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Solid edge banding glued to plywood.

Just glue it on and trim it, what more needs to be said? There are actually a few things to consider that might help the job along easily and with happy results. Applying solid wood edge banding, or lippings, is a routine job for me when making kitchens, bookcases, and even shop fixtures. Here is how I go about it.

First, the stock, in this case ¼” thick, is 13/16” wide and leaves enough, but not too much, wood overhanging each face of the nominal ¾” plywood so that it is not a fussy business during glue up to align it if the edge banding, panel, or both are not perfectly straight.

Next is grain direction, and this is worth looking into. Whether you plan to trim the edge banding flush by means of a router table or hand plane you want the lipping to have the grain laying in the correct direction when you work it. So, looking at the face grain straight on, in a perfect situation the grain lines would look like this (you’d be planning from right to left).

RS Face

Consider end grain perspective as well. Looking at it straight on in this photo, the right face would be going against the edge of the plywood, the wood grain running vertically from eleven to five o’clock.

RS End

T shaped supports, the top edges covered with tape for easy glue removal, are real work horses in my shop. Flat cardboard standoffs allow the lower edge of the banding to drop below the face of the plywood the same amount as above. Small differences are immaterial because you have enough waste.

RS T supports

I don’t use blue or green tape to “clamp” the lippings but instead use clamps. Unlike solid wood against solid wood, the plywood edges, even sawn with the best blades, have some fuzz and spring back: there are only 40% long grain fibers, and my experience has made me decide to spend the time properly applying clamping pressure for a failsafe job.

RS 3 clamps

Glue gets worked into the fibers with a toothbrush.

RS Toothbrush

It is a pretty accurate tool. My goal is to cover the fibers but have very little squeeze out. On the lipping itself I make sure there is an even covering by holding it against a raking light.

RS Inspecting glue

Before clamping I check that the panel is flat against the cardboard pieces and that the lower edge of the lipping contacts the T support. Notice that the extra clamping block is also raised by cardboard standoffs so that the force is centered.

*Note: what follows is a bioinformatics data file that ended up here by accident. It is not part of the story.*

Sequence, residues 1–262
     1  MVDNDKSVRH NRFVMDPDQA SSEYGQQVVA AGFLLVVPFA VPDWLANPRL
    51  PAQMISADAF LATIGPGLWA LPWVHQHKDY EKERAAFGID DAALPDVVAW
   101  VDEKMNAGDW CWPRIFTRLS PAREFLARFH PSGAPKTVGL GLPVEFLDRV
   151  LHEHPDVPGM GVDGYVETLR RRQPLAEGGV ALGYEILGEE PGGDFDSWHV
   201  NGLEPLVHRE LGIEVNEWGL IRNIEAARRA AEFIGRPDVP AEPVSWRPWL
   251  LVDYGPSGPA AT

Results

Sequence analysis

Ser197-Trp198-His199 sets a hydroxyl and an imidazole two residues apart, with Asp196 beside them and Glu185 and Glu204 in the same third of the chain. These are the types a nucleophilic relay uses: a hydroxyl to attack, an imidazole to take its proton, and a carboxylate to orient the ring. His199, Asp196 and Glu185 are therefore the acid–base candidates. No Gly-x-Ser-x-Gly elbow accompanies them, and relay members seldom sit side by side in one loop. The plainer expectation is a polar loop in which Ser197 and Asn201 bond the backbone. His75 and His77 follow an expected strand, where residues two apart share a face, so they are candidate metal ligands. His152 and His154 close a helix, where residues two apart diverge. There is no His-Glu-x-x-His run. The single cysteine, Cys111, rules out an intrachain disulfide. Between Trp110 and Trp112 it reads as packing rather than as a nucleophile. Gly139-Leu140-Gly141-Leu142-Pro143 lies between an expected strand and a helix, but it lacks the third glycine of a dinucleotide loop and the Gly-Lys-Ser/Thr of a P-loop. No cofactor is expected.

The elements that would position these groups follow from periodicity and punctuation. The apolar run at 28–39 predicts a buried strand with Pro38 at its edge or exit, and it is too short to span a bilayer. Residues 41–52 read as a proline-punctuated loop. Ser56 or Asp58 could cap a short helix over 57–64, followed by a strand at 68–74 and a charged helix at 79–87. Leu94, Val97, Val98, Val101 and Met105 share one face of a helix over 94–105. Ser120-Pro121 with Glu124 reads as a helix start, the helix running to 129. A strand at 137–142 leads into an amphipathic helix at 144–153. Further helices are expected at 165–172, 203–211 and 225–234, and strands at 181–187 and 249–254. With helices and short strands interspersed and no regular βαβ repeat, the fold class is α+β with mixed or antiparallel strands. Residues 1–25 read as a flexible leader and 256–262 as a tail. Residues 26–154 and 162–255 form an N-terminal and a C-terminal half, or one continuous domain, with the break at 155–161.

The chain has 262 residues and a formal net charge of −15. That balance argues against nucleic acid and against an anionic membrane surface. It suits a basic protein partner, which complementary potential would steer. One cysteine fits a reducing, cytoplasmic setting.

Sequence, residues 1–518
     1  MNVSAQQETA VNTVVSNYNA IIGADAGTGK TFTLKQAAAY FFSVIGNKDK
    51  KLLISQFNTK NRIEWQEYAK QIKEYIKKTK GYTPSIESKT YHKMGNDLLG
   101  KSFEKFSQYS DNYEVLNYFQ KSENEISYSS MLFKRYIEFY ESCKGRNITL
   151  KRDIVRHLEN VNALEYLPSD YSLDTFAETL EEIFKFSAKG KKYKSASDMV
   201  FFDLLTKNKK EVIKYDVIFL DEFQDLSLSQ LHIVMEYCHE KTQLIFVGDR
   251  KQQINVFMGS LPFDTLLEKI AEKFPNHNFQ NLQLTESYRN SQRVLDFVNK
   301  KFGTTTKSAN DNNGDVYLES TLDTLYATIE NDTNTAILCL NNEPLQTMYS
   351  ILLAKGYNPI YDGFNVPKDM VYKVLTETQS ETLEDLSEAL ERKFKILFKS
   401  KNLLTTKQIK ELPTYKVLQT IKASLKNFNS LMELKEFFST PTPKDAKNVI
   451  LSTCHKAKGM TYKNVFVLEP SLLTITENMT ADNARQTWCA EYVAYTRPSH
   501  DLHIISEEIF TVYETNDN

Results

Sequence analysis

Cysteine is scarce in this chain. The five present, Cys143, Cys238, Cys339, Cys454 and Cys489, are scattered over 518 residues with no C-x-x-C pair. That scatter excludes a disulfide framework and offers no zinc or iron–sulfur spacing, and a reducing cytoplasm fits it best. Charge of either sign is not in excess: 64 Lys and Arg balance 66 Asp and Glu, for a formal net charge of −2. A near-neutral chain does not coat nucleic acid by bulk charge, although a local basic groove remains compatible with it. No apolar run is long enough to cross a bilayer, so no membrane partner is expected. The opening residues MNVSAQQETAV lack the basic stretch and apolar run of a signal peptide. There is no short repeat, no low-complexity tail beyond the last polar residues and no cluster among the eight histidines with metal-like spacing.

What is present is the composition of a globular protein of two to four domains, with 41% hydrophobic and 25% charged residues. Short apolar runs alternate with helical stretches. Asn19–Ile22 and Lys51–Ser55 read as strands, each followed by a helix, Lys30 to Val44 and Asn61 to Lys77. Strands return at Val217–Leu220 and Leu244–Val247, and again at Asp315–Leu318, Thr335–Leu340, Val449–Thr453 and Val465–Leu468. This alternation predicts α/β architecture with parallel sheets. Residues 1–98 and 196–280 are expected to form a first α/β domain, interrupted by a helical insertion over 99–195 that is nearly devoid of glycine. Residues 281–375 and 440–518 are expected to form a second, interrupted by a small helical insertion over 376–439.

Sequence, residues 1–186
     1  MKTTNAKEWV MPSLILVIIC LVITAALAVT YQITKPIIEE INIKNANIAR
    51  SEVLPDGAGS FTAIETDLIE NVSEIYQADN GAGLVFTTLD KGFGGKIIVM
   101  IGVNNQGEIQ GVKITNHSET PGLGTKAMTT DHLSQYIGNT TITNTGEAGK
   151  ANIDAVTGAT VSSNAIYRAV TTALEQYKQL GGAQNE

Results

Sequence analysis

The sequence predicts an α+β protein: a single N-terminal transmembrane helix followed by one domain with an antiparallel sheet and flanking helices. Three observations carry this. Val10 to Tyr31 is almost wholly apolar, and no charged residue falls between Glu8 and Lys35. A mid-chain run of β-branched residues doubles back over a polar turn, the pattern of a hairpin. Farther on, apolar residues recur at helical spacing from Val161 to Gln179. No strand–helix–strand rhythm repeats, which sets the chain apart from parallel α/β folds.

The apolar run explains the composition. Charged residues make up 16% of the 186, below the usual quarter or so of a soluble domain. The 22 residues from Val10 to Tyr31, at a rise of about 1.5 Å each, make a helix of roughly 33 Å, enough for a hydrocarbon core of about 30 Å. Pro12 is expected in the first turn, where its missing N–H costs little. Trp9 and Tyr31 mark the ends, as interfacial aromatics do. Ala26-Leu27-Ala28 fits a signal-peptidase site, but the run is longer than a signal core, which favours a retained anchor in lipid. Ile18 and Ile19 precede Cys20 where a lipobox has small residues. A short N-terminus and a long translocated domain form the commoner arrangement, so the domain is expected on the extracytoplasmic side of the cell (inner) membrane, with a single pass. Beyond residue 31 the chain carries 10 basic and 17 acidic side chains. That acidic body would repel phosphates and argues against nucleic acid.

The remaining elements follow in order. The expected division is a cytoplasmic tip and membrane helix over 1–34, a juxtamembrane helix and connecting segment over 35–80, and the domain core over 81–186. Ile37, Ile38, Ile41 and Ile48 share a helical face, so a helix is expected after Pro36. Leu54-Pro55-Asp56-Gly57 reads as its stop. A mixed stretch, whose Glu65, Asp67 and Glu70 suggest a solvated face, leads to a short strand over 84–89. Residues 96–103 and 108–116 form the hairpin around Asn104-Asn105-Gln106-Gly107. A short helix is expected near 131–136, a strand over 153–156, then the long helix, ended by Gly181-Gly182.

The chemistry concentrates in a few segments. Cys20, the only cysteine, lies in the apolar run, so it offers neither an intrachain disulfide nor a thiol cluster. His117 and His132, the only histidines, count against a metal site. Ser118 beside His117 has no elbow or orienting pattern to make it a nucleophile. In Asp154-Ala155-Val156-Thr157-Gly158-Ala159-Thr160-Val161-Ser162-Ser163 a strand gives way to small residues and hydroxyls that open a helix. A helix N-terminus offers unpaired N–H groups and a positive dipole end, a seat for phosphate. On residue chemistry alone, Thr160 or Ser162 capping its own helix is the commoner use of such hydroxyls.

RS Ready for glue up

RS Centered clamping pressure

There is minimum squeeze out.

After trimming on the router table

RS Router table

the surfaces look quite flush

RS After flush trim

but your fingers might tell you that there is a small amount yet to remove. The L-N scraping plane does a superb job of that. The blocks on either edge protect the trailing fibers when you work across grain.

RS Scraping flush

Usually the panel is oversized and brought to finished dimensions after completing the edge banding work. However, there are times when the panel size is fixed. Typically I would score a knife line, saw, and use a block plane to bring the end of the lipping perfectly flush. On shorter pieces I’ve developed a tablesaw technique for this which I’m not recommending but just demonstrating: all tablesaw work is dangerous!

The positioning jig/block has acetal on the edge the plywood runs against.

RS End flush cut jig

With the panel laid so the front and rear teeth are in very light contact (saw turned off!) I align the block and switch on the magjig.

RS Aligning end flush cut

The excess that needs trimming is no more than half the width of the saw blade. That way it won’t grab the material. The panel is pushed forward just enough to cut the piece off and then the panel is pulled away to the left. The stroke is short, quick, and controlled.

TS Trimmed flush

Solid edge banding is available from Vogt Toolworks. To learn about it click here.

RS Edgebanding balancing

1 comment to Solid edge banding glued to plywood.

  • Love the toothbrush tip! Seems so logical when you think about it now, but have never used it in such manner before. As for using table saw like that I can only agree that it is very dangerous. Got a fellow woodworking neighbor who lost all his fingers on one arm pulling such stunts. Luckily they were able to sew them back. Since that time I tend to be very very careful when working with one. Other than that, awesome demonstration and really helpful tips.

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